DAVID LERCH has been a Savannah-Chatham School Board member already, representing District 4 from 2001-2005.
Over five decades as an educator and consultant, one of his specialties is in desegregation. He now vies for the spot of School Board President just as desegregation is again a major local issue.
“I’ve been working in desegregation since 1970. I’ve testified in court cases. I’ve seen the hatred that goes on. You’ve got groups that are very divided,” he says.
Lerch is currently doing consulting work for the East Baton Rouge Parish schools in Louisiana, which he says has the oldest desegregation program in the country.
Indeed, Lerch says one reason local schools face such a serious budgetary problem – more on that in a minute – is because “people are scared of desegregation.”
“There is $100 million in federal grants currently available to help desegregation. But this school district won’t apply for any of it,” Lerch says incredulously.
“When I got on the Board in 2001, I asked why we didn’t have any of that money. Superintendent Lockamy told me the Board wouldn’t apply for it.”
Lerch says the district did apply, and receive, one such grant at his urging, but when he left the Board they didn’t apply for any more of that type of grant.
According to Lerch, there’s another $3 million, five-year grant available to Savannah-Chatham schools if they’d simply remove current entrance criteria from local Choice Program schools.
“Board members are afraid of money tied to choice schools for desegregation. Of course, once you get below the Mason-Dixon line, people tend to be suspicious of any federal involvement,” Lerch laughs.
With regards to current Choice Programs, Lerch says flatly that “we’ve set up an elitist system.”
“Savannah Arts Academy and STEM are really the only two choice schools that are working. I would turn the rest of the choice schools into magnets with no criteria for entry – just interest,” he says.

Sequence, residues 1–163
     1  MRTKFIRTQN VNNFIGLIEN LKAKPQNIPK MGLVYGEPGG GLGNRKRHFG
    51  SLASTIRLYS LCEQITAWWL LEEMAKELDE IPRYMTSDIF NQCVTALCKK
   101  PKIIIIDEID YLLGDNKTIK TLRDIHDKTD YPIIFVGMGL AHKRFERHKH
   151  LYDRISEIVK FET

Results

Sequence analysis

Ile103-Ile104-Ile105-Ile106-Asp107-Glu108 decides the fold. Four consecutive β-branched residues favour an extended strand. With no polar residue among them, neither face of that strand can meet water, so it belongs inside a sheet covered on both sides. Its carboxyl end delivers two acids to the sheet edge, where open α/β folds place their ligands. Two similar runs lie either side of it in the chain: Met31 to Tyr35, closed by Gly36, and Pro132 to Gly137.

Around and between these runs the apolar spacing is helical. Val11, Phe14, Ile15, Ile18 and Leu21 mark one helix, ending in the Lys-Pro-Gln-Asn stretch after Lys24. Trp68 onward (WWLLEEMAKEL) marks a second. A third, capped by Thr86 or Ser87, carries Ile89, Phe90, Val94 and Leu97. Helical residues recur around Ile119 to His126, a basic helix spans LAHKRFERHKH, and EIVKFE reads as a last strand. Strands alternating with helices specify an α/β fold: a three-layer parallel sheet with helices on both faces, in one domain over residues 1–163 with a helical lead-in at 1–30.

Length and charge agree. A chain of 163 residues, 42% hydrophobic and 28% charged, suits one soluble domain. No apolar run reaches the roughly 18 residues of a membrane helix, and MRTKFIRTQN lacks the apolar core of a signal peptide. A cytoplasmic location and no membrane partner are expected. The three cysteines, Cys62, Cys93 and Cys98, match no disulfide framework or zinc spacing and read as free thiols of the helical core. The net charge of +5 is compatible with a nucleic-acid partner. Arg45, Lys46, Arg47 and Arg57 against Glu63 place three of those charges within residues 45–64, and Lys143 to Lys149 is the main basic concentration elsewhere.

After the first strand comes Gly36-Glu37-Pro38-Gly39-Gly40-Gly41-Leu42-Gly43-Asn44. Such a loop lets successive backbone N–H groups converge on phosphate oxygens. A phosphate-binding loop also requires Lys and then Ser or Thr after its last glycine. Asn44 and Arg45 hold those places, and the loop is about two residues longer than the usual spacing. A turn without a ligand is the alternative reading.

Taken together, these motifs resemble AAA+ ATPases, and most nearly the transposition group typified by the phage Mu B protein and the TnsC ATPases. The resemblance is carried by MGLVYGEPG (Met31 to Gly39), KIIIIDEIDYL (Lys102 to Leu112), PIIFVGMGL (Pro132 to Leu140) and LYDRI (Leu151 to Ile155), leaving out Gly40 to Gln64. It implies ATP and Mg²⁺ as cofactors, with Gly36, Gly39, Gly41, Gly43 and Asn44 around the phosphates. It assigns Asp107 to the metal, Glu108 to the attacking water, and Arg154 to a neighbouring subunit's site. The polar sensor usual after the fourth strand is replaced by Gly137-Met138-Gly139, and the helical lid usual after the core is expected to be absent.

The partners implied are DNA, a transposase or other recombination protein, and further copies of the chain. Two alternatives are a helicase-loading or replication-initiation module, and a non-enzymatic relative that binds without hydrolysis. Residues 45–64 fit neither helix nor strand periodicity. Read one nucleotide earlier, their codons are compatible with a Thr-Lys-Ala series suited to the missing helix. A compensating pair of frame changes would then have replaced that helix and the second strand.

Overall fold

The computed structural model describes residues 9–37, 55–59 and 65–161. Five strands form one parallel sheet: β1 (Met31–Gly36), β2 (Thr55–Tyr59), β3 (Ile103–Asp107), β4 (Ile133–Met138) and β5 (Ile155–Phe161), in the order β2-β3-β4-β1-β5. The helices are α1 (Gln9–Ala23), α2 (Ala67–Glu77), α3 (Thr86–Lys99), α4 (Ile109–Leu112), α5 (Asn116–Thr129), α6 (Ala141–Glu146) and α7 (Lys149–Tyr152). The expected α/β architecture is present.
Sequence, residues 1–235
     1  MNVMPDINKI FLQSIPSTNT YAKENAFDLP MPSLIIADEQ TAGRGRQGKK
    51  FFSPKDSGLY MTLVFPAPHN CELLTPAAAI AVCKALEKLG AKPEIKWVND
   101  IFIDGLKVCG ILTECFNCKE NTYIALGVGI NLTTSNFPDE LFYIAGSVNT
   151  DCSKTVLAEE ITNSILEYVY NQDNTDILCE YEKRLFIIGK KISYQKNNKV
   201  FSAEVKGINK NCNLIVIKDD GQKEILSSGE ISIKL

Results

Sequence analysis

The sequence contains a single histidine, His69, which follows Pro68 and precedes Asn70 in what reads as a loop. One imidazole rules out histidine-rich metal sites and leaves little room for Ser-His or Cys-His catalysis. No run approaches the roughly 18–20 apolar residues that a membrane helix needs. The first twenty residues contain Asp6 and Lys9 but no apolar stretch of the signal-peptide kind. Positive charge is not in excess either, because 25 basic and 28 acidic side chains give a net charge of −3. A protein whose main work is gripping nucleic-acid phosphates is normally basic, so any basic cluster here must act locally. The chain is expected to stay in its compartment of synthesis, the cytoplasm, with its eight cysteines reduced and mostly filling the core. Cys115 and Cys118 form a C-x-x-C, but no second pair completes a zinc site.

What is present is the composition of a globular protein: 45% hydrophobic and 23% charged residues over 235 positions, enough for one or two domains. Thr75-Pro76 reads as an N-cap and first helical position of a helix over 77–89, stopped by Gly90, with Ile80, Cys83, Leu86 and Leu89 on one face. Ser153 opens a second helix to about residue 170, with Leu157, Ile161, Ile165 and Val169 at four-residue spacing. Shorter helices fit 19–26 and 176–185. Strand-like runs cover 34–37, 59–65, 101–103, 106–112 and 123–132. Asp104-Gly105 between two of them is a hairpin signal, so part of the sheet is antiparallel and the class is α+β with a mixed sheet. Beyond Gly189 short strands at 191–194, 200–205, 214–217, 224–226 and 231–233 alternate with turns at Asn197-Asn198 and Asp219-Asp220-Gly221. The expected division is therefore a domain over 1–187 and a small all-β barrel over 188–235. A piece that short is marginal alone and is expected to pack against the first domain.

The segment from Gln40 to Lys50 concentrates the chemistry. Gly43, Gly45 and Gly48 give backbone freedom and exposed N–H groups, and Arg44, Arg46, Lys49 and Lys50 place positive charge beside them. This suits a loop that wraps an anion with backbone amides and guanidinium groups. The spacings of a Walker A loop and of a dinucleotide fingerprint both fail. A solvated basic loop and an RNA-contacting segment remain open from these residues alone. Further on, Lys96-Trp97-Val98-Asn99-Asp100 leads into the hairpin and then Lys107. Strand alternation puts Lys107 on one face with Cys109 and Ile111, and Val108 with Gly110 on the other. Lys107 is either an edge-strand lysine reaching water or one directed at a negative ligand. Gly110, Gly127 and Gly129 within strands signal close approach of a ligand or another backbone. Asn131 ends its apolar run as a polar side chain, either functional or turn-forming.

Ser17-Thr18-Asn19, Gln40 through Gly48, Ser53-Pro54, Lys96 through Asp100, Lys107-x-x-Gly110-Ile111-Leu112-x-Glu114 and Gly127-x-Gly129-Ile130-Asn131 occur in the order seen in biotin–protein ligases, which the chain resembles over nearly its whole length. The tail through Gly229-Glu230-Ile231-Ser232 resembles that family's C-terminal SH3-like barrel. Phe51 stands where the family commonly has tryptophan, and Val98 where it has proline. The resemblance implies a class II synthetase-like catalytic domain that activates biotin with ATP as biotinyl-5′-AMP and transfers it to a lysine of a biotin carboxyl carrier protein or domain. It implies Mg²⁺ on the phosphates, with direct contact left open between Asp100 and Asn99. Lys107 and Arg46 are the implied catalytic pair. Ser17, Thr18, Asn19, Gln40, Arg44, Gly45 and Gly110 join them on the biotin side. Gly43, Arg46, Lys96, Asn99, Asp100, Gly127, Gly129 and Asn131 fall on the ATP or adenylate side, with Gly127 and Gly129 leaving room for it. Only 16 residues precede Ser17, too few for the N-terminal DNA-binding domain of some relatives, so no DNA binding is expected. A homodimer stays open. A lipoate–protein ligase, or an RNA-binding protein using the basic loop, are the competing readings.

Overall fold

Why not also reorganize those schools?
“They’re simply too popular with parents to change,” Lerch says pragmatically. “Whoever suggested that wouldn’t get anywhere with it. They’d be voted off.”
“I’d work with the Board to determine which current choice programs are working — which are popular with significant academic improvement for the entire school. Most could probably be changed to no selection criteria, but with the provision that students behave, maintain specific grade point average and follow school rules,” he says.
In any case, the negative numbers facing whoever is the new School Board President for the next four years are jaw-dropping.
“This district is facing a $14 million shortfall just next year alone, to fund what the state says they have to fund. They’ve been warned about this over and over, but they just look like deers in the headlights whenever they hear it,” Lerch says.
In the wake of the Parkland shooting, even more budget stresses are on the way.
“A police representative told the Board they will be required by the state to retrofit schools to the tune of at least $10.5 million next year. That’s on top of the $14 million they’ll already be in the hole,” Lerch says.
Lerch has watched the recent squabbling on the board – much of it traced back to disputes between former Superintendent Thomas Lockamy and outgoing Board President Jolene Byrne – with interest.
“Jolene is taking a lot of hits, but many Board members share blame in what’s been going on,” he says.
“The biggest problem overall, though, is there is too much interference with the Superintendent by the Board.”
However, in a jab at opponent Joe Buck — a former Board President — Lerch also says that, “Buck would let Lockamy dictate the Board agenda each meeting. Lockamy was used to telling the Board, here’s what I want to do, and then Byrne got elected and said, let’s negotiate it,” he says.
One of Lerch’s resume points — establishing the Coastal Empire Montessori charter — had mixed results, as the school experienced serious management issues.
“The important part I learned was about competition for money,” Lerch recalls. “The school district doesn’t want money leaving the district to go to charters. Most Board members see charter schools not as public schools, but as private schools.”
As for the sprawling edifice which contains the local school district administration, Lerch also has plans for that.
“208 Bull Street is a beautiful but lousy building. It was already caving in when I first came to Savannah in 1987,” he says.
Why does Lerch want to get back into the political fray?
“ I feel I have an obligation to use my expertise and training to improve things.”
If you ask Lerch what his main agenda items are, they are simply: “I’d say it’s to work hard to get out of that building at 208 Bull Street, and push to remove criteria for entry to choice schools, but leave SAA and STEM alone.”